League defends touchdown calls for Texans, Panthers
We pointed out last night that Raiders fans, in our view, now have the right to be up in arms regarding the decision from the Week One finale to wipe out a touchdown catch by Louis Murphy, which turned a seven-pointer into a three-pointer in a game decided by four points.
Specifically, in similar situations during Week Two, the Texans and the Panthers each got to keep a touchdown when, based on the letter of the rule that robbed the Raiders, it looked to us like they shouldn’t.
For the rest of the background, read our story (with links to the video of the plays) from last night.
So we asked the league to comment on the two plays -- catches by Texans receiver Jacoby Jones and Panthers tight end Dante Rosario that were upheld via replay review. Here’s what the league had to say, per NFL spokesman Greg Aiello.
“On Rosario, he completed the catch, turned up field and stretched the ball over the goal line for a touchdown before he goes to the ground,” Aiello said via e-mail. “He didn’t use the ground to complete the catch. In the Oakland play, Murphy goes straight to the ground.
“On Jacoby Jones, he caught the ball, his knee hit the ground, and he maintained possession,” Aiello added. “Then the Titans player flipped him over the top and [Jones] hit the ground a second time and lost the ball. But it was already a touchdown by virtue of maintaining possession the first time he hit the ground.”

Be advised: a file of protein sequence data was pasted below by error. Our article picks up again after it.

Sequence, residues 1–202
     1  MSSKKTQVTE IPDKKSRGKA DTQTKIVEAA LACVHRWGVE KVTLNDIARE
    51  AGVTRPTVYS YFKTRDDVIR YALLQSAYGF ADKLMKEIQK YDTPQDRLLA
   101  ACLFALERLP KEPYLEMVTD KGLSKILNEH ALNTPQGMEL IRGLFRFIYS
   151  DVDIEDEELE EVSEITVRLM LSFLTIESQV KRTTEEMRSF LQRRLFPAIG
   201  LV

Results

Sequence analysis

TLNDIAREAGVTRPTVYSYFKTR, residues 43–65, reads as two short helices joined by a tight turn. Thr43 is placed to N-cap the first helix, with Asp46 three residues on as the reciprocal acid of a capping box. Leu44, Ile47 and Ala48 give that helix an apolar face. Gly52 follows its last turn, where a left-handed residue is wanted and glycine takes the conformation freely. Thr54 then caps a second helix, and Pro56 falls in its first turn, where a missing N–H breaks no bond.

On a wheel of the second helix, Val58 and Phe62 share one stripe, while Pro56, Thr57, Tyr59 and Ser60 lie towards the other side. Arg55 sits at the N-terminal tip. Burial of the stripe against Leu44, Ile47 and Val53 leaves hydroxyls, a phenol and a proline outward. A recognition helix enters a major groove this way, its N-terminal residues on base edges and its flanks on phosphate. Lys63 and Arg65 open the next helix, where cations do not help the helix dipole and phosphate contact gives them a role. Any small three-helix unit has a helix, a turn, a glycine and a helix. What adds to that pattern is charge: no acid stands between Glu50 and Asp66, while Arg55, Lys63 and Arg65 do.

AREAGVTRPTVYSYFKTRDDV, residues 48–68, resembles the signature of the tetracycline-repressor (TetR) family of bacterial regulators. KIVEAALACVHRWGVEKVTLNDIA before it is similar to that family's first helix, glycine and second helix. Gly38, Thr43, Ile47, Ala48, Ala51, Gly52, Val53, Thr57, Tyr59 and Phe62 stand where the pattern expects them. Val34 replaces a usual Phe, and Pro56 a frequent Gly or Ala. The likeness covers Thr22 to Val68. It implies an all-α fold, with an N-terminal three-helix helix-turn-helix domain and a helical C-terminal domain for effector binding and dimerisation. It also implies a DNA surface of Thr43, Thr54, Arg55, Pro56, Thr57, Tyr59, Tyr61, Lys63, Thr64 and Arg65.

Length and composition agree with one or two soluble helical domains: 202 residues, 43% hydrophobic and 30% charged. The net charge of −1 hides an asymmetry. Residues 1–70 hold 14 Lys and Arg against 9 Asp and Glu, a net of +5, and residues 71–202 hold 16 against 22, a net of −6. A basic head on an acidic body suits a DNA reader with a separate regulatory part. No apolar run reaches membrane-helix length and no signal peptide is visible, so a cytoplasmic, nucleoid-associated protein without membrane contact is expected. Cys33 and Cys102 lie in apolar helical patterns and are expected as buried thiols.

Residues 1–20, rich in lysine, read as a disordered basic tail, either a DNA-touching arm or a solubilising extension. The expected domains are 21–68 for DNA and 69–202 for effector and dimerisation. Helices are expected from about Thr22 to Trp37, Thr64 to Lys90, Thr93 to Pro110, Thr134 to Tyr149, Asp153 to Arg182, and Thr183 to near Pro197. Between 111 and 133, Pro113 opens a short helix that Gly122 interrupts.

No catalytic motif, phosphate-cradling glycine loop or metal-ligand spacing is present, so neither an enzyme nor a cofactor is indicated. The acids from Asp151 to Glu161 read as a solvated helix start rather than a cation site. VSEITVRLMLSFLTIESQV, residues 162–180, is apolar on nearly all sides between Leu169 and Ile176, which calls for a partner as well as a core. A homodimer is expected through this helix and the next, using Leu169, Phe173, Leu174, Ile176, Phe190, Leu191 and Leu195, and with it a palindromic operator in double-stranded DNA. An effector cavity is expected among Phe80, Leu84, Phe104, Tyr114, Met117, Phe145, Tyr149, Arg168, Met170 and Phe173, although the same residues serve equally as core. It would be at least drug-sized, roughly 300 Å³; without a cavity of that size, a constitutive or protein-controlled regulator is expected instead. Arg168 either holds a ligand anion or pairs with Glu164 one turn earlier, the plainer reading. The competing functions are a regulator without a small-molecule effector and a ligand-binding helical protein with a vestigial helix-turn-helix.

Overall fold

Sorry, but we have to disagree. In Rosario’s case, he pushed the ball over the goal line while going to the ground. So, under the rule that nullified Murphy’s touchdown, Rosario should have been required to maintain possession of the ball, once he landed on the ground. Clearly, he didn’t.
As to Jones, the only difference was that, before Jones could naturally land on the ground, he was flipped and tossed to the ground by the Tennessee defender. But, in our view, Jones was still in the act of going to the ground. So he needed to keep possession until he landed on the ground. Clearly, he didn’t.
Bottom line? This gap in the rule and the interpretation of it needs to be addressed and resolved, quickly. In the perception of this neutral third party who if anything is naturally inclined to support the league’s position on things of this nature, either the Murphy call was wrong, or the calls from Sunday were wrong.
But there’s no way that all three calls were right.